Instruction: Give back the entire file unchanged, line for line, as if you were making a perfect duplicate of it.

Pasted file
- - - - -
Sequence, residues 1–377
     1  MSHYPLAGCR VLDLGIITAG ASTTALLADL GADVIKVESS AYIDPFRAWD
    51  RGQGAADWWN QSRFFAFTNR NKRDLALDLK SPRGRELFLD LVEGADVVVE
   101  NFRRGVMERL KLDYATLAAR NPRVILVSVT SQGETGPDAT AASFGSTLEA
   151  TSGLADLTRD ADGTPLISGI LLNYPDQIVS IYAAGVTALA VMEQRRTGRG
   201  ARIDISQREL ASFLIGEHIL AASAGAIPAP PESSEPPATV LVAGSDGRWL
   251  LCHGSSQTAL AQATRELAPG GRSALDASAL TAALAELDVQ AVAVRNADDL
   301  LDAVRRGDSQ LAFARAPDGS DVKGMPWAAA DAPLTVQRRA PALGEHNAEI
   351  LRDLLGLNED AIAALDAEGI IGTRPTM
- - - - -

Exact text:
Sequence, residues 1–377
     1  MSHYPLAGCR VLDLGIITAG ASTTALLADL GADVIKVESS AYIDPFRAWD
    51  RGQGAADWWN QSRFFAFTNR NKRDLALDLK SPRGRELFLD LVEGADVVVE
   101  NFRRGVMERL KLDYATLAAR NPRVILVSVT SQGETGPDAT AASFGSTLEA
   151  TSGLADLTRD ADGTPLISGI LLNYPDQIVS IYAAGVTALA VMEQRRTGRG
   201  ARIDISQREL ASFLIGEHIL AASAGAIPAP PESSEPPATV LVAGSDGRWL
   251  LCHGSSQTAL AQATRELAPG GRSALDASAL TAALAELDVQ AVAVRNADDL
   301  LDAVRRGDSQ LAFARAPDGS DVKGMPWAAA DAPLTVQRRA PALGEHNAEI
   351  LRDLLGLNED AIAALDAEGI IGTRPTM